missvirginia on Sep 13th 2009
As I was reading for this posting, I had something on my mind. In one of my other English classes, someone insinuated Whitman as just a gay old man. He said some more unsavory things towards my Whitman, and I immediately shot up my hand and said that I was in love with Whitman and did not take kindly to what he’d said.
Funny enough, in From Pent-up Aching Rivers (248), one of the first poems in the readings, I feel like there are so many allusions to bisexuality. Or maybe, not even bisexuality, just embracing all things sensual, intimate, and physical. Just on the fifth line, he mentions a phallus. Not to be “fifth grade” or anything, but hey! Phallic suggestion! Then he goes into the songs of “procreation, Singing the need of superb children and therein superb grown people” which reminded me of the physically obsessed Romans. It was a city-state obsessed with being the best physically, mentally, and seemingly always prepared for battle. Ironically enough, I’m sure Whitman’s rumored homosexuality was a battle for him, if he had ever been blatant about it.
The next line is “Singing the muscular urge and the blending”, which when I first read it, it seemed to be very cut and dry. The “muscular urge” is obvious phallic imagery and the blending is heterosexual intercourse. However, the more I thought about it, the more it seemed interchangeable. The muscular urge could be for both types of sex, because everyone (mostly…) orgasms which is a muscular urge/twitch/whatever. And the blending is describing the bodies creating that “superb child”. Even if the line is describing homosexual sex, blending could also describe the “two becoming one”-ness about sex.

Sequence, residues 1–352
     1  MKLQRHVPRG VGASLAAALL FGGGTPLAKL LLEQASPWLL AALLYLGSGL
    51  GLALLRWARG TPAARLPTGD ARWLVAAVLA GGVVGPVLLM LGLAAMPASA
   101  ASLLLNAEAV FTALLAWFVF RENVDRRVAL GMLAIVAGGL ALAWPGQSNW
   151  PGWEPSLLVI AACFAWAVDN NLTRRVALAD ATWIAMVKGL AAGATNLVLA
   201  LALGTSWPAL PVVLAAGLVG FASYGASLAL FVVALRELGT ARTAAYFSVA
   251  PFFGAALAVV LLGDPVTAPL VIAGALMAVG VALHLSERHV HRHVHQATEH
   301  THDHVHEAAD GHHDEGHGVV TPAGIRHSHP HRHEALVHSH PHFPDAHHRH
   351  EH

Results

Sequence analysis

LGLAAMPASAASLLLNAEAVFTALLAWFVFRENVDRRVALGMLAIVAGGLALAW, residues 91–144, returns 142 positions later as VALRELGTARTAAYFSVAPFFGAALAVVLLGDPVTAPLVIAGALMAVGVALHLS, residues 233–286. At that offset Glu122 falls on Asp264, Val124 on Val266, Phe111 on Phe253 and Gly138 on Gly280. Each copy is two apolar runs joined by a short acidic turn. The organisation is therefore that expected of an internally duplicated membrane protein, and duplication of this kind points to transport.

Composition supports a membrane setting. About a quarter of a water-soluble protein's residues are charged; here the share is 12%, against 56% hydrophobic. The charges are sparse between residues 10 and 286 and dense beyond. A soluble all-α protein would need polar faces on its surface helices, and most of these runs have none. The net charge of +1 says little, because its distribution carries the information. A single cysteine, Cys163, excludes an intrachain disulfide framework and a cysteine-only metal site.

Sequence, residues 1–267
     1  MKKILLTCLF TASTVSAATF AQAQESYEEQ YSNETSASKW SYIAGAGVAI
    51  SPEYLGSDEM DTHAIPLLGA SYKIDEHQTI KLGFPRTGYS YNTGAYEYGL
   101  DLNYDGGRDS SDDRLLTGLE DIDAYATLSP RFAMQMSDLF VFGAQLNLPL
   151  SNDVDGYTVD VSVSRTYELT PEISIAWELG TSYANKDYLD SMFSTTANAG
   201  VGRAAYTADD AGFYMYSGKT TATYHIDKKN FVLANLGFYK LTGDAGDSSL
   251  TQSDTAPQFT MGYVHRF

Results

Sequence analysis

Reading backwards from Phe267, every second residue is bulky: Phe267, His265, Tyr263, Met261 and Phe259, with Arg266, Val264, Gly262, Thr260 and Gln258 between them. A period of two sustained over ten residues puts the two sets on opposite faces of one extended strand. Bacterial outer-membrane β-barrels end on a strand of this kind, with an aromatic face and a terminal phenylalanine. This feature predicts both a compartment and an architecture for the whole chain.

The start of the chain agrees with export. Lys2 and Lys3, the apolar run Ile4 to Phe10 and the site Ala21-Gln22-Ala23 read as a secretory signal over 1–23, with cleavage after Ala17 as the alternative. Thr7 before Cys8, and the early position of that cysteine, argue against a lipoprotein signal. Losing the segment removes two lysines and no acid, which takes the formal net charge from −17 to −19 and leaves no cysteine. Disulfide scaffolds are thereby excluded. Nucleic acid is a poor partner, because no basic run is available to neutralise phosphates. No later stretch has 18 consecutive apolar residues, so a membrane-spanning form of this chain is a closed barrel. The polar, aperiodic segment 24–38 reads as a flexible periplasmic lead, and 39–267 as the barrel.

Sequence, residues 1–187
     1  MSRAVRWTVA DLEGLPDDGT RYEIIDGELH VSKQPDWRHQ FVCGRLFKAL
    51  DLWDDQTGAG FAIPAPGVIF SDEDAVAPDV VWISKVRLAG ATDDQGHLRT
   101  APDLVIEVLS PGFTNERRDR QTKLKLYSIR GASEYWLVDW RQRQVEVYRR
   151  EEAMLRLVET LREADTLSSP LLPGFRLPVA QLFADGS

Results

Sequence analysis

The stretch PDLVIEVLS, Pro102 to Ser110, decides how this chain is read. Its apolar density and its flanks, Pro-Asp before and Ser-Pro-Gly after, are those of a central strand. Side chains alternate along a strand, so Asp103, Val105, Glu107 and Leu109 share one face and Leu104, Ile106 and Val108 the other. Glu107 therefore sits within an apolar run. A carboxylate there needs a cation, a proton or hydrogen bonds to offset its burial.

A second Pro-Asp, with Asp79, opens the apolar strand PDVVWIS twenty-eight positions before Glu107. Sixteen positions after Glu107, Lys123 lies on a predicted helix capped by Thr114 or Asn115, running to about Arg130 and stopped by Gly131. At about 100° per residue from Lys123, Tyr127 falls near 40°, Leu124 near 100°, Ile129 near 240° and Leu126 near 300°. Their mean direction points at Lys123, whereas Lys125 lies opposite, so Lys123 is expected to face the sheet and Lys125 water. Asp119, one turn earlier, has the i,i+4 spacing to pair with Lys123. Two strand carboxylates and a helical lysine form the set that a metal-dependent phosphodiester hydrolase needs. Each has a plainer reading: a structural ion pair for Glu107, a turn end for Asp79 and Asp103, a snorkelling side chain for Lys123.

Later on, after the swimmer lines, he lists “the mystic derliria, the madness amorous, and the utter abandonment”. I started thinking, is that the cycle for sex or relationships? I’m thinking it’s both–there is the initial attraction, the infatuation and “lust/love at first sight” ordeal. If we were to look at this from a relationship point of view, then there’s the content, “I love you, you love me, we can make this work forever” stage. Lastly, cue the jaws music…there’s the “utter abandonment”, the breakup. In sex, there’s the initial arousal that is called mystic deliria (catchy), then the main course…the madness amorous…and then the climax/refractory period where the feelings of abandonment can come in to play.
Whitman was pretty much exalting and proclaiming love. Love in armies (i.e. I Sing the Body Electric), love for women (i.e. A Woman Waits for Me), love in friendships with the same sex (i.e. Out of the Rolling Ocean the Crowd). In the words of Whitman himself, “Have you ever loved the body of a woman? Have you ever loved the body of a man? Do you not see that these are exactly the same to all in all nations and times all over the earth?” I think Whitman wanted people to be able to look past the body, to look within the person.
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